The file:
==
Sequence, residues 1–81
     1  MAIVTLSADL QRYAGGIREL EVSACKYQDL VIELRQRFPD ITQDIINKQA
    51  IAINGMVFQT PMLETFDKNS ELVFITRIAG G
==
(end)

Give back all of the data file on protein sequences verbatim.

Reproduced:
Sequence, residues 1–81
     1  MAIVTLSADL QRYAGGIREL EVSACKYQDL VIELRQRFPD ITQDIINKQA
    51  IAINGMVFQT PMLETFDKNS ELVFITRIAG G